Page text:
I love the fact all wigs come with a personality. My head was turned by Faith, and I thought Sylvia would be worth a go, but Hayley, Kirsty and Linda didn’t get a look in. Maybe Suzie should become my new alter ego, not just my bald-headed disguise?

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Just for Duncan, I did try Brunette Scully for size (I am a bit shallow though as I dumped her without even asking her name). I am not sure the dark-haired look is for me, but am happy to experiment over the coming months. If you have any suggestions (pink, blue or otherwise) please do post here. I am only planning on going through this hair loss chemo thing once, so I may as well make the most of it.

So here is Suzie. Blink and you might not think she is anything other than a slightly longer version of my current cut. I need to play with the styling, but she’s pretty convincing for a bit of acrylic.

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I’m not worried about losing my hair (although I think I would be slightly alarmed if it starting coming off in the middle of town). I’m planning on embracing my baldness and making every day a mini-makeover day, with scarves and hats to match. But, for that one day when I might just want to look in the mirror and escape the thought of the chemotherapy drugs running through my body, there’s Suzie. And just knowing I have an alter ego to rely on makes me smile.

The big question is, will Duncan know the difference when he returns home from work this evening?

Breast cancer lesson number 46: When you’ve got nothing to lose (except your hair), go for it!

I have a challenge for you. If there’s anything in your life you’ve always wanted to do, then find the time and the space to do it – and soon. Put it off no longer. I’ve just been for the shortest haircut of my life and, I have to say, I feel totally liberated. I’ve always wondered what I’d look like with a pixie haircut, and now I know. And, you know what? I wish I’d done it years ago.

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Ok, so having a pixie cut fours days before chemo may not sound brave or overly outrageous. After all, it was always going to look better than bald. But, having had a rather chequered history with anything shorter than a graduated bob, taking it off before cancer gets its hands on it was still a big decision (people forgive the cancer, but I think they’re less forgiving about elective style changes). This is something I decided to do, not because I wanted to make a statement, but because I want to keep the strands falling into my sleep cap to a minimum.

The last time I had hair anywhere near this short I was eight. Let’s just say it was forgettable. The local newsagents kept referring to me as ‘boy’ and, on a school trip down a mine, the guide asked me – otherwise known as ‘the lad’ – to assist in a demonstration. Sadly, at the beginning of the 1990s taking (and developing) photographs of virtually anything was all the rage, so there is a little too much photographic evidence of my basin look. I thought I’d never go back. I am so glad I did.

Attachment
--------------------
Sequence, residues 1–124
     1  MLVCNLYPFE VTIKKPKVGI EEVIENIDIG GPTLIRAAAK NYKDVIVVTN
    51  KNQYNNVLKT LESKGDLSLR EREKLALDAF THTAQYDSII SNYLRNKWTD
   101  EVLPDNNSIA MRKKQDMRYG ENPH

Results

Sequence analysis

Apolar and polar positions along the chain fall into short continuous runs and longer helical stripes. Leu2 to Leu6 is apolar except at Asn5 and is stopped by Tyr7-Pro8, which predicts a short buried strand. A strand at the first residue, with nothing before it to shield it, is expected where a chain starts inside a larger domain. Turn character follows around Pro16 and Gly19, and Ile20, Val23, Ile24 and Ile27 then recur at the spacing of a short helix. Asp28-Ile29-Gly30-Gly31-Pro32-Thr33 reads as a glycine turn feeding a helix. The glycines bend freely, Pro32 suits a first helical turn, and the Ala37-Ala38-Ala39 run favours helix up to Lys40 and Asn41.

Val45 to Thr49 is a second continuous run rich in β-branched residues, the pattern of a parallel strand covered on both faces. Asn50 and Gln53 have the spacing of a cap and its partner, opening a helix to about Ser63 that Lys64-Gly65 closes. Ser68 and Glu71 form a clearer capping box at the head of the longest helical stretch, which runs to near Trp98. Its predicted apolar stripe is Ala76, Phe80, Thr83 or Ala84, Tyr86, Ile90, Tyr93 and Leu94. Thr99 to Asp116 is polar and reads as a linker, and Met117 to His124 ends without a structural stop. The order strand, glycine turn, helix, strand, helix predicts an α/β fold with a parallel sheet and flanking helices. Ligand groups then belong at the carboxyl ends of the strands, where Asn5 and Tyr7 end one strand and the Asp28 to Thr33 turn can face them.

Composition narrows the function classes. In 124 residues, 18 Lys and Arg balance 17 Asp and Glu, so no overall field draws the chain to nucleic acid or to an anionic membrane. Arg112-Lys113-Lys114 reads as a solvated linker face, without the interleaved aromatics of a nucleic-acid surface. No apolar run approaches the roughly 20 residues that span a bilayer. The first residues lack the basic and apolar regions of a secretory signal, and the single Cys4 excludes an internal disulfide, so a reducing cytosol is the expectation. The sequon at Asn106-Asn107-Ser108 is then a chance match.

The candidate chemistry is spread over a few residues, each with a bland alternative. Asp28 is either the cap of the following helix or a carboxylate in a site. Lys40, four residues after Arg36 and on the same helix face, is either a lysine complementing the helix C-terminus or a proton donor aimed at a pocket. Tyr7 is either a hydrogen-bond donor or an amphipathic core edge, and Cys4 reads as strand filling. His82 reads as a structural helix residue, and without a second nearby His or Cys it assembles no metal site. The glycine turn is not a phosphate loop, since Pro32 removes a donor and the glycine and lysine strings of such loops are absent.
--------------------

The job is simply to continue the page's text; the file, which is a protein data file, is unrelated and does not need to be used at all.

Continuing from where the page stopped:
As my last hair appointment for more than six months, it was pretty special. Delighted that I have at last let go of the trusty bob, my hairdresser was visibly excited at the prospect of taking even more off. Getting an ‘it really suits you’ from the guy who has been cutting your hair for years – not to mention a quick head massage and a cup of tea – and then watching as his colleague complemented him on his snipping skills, is not something that happens every day (or even once in a decade for me). It felt good.

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Hair, we’ve had a good 32 years. I did once think you were a bit rope-like in consistency, and longed for a plait that didn’t look like it could moor a boat. I’m not sure the obligatory perm in my teens was a good idea. Growing my hair to the point at which I could sit on it was a bit misguided. Thankfully, the basin fringe was just a phase. And, having a four-hour trim with a hairdressing apprentice while at university, only to discover I had just 2mm less hair and roots dyed-in (can’t blame the apprentice, it was free) was a low point. But now, I appreciate you more than ever. I like your strength. I like the fact you’re a little bit of me. And, I hope that whatever grows back will give me as much pleasure – or at worst amusement (it could be grey, it could be baby curls, it could be me all over again).

While I felt a slight sadness knowing that I couldn’t book another appointment, and that the next time I would be here would be to let my hairdresser shave it all off (once the clumps start falling), I also felt a real boost. I’d had the confidence to do something different. If you don’t change a thing, there’s nothing to see.

They say if you’re not living on the edge, you’re taking up too much room. I am ready to step out of my comfort zone – as long as I can bring a cushion when the edge occasionally becomes the sharp end!

This is one hairstyle that won’t be growing out. This one’s going to fall out. Wish me luck!